"The concept is to begin with a product idea, then come out with a company," says Camp.

Other stops on Savage's Cleveland makers tour included Design Lab High School, Cleveland Public Library's TechCentral maker space, the MC2 STEM high school at Great Lakes Science Center, and several fabrication locals in Cleveland's Slavic Village and Central neighborhoods.
 
"It was a robust visit," says Pryor-Jones. "From our perspective, the best opportunities for education, entrepreneurship and  development exist when we figure out how to engage all communities."
 
During an outing to the City Club of Cleveland, regional higher-education students showcased potential products they fabricated themselves with 3D printers and laser cutters. This kind of collaborative ingenuity will be needed to drive Cleveland's economic engine, spinning out companies that build everything from heart-rate monitors to fuel-cell powered bicycles.
 
"Keeping up that collaboration is the challenge," says Camp. "Cleveland is a manufacturing city and working together can bring innovation to that space."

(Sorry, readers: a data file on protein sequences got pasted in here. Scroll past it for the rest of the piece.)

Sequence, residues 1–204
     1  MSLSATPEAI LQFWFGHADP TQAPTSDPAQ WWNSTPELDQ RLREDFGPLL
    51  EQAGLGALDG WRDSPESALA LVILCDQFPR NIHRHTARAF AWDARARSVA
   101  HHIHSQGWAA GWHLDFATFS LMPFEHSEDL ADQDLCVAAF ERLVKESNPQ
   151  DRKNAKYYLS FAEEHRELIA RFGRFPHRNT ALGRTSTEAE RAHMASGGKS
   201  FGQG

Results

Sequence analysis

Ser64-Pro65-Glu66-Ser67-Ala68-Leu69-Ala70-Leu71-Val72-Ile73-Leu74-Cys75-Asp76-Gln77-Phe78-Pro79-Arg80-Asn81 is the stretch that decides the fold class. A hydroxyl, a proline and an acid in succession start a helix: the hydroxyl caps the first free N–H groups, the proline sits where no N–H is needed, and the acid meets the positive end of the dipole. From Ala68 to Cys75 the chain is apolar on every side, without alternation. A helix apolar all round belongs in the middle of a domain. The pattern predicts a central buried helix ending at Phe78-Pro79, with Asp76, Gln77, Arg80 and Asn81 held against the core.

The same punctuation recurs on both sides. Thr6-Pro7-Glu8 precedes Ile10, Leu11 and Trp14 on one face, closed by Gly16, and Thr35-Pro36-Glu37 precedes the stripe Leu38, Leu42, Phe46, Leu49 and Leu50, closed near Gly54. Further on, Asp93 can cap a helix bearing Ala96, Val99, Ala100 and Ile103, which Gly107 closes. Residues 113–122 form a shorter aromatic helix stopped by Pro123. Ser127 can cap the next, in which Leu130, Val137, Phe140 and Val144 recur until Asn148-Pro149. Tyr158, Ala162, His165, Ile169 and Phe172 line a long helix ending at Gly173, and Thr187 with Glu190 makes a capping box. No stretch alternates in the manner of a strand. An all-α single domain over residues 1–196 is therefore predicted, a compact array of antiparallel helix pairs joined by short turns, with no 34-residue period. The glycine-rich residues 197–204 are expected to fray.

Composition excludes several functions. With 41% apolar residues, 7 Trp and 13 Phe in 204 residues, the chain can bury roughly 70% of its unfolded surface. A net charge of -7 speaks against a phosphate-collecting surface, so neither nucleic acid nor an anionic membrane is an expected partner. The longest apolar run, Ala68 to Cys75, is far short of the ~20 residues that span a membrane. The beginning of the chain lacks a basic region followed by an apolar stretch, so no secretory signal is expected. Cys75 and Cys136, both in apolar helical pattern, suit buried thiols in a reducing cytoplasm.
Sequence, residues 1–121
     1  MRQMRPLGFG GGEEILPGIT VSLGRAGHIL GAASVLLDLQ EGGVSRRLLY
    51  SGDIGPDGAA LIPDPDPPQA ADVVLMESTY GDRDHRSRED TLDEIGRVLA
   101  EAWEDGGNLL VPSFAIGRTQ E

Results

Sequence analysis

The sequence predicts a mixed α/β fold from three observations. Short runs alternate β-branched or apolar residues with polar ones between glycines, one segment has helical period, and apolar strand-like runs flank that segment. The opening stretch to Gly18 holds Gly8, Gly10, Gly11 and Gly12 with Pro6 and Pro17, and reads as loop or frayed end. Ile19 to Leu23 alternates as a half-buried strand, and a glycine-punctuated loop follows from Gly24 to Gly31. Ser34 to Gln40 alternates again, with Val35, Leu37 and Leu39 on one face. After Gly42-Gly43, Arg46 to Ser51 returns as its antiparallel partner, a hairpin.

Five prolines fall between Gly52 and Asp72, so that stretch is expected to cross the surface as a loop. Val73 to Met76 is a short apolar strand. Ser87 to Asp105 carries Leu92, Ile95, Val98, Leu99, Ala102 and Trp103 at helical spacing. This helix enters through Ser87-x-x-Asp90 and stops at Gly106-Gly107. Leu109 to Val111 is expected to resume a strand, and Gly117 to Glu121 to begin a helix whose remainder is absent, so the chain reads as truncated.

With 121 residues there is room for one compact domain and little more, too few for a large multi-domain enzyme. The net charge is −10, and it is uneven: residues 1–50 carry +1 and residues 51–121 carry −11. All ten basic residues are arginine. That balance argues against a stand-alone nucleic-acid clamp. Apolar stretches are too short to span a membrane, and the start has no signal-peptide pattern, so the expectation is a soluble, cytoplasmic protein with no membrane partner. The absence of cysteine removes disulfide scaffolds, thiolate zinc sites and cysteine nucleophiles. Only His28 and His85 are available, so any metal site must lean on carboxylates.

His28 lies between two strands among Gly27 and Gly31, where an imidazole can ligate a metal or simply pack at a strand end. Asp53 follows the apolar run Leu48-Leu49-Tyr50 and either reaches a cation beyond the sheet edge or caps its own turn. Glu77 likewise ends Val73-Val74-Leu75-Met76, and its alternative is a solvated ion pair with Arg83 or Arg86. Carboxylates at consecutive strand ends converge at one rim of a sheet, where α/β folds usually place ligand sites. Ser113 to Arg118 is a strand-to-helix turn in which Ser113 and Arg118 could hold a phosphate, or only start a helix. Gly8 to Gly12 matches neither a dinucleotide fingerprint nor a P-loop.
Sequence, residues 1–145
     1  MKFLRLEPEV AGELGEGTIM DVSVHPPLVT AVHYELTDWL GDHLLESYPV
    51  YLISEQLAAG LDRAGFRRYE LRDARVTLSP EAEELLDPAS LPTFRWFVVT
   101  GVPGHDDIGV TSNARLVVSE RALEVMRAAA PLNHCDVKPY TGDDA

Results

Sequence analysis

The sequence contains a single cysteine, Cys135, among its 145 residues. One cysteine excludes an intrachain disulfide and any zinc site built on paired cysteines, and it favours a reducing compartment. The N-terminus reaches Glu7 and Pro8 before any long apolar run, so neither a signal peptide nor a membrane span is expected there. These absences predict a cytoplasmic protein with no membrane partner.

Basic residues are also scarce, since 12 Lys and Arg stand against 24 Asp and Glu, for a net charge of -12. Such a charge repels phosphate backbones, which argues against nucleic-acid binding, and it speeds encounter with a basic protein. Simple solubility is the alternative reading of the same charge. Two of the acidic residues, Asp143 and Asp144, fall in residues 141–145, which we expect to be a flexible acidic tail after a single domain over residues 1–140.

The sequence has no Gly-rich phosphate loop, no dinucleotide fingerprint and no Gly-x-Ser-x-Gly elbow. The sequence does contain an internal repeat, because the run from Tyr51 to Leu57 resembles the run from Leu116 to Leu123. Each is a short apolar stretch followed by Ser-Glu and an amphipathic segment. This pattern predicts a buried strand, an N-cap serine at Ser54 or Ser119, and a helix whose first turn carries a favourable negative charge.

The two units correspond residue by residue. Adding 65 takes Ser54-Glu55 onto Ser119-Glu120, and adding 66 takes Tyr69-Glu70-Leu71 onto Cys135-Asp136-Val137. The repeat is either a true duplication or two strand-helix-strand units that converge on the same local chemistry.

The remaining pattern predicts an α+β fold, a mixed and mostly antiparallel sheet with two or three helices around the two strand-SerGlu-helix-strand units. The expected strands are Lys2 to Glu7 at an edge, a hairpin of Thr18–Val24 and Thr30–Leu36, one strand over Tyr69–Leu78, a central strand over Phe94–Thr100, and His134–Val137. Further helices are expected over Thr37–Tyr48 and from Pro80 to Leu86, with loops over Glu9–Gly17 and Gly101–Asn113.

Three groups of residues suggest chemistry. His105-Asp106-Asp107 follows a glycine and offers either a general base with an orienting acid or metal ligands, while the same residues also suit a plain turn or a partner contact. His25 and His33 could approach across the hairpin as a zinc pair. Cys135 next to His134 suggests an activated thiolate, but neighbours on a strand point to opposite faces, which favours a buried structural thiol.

Cleveland motorcycle entrepreneur rides into CIA to inspire, guide students

Though it's been a decade since Cleveland CycleWerks owner Scott Colosimo graduated from Cleveland Institute of Art (CIA), he has stayed connected to the school as both a teacher and professor.
 
This spring, Colosimo has returned to his formative digs once more as sponsor of CIA's transportation design class, which "exposes students to the basic knowledge, skills and qualities that are important for a career in transportation design." The semester-long role is part-time, as the Parma native spends most days running his small-volume motorcycle manufacturing facility in the Detroit Shoreway neighborhood, where he builds custom bikes and restorations of British, Japanese and Italian motorcycles.
 
At CIA, Colosimo serves as a motivator and critic in helping students solve real-world transportation design questions. The role is more instructional than professorial, and is meant to reflect a designer/client relationship in the professional world.  
 
"My work is to push students further than they would be by the traditional OEM (original equipment manufacturer)," says Colosimo, who graduated from CIA in 2004. "Companies tend to pull students back in to make concepts more contemporary. I'm pushing them out and making sure they're looking well off into the future."
 
That conceptual outlook includes designing vehicles for racing along the surface of distant planetary bodies. Colosimo, who wrote the class curriculum with Professor Haishan Deng, oversees teams tackling the challenge of building vehicles for transportation on Mars.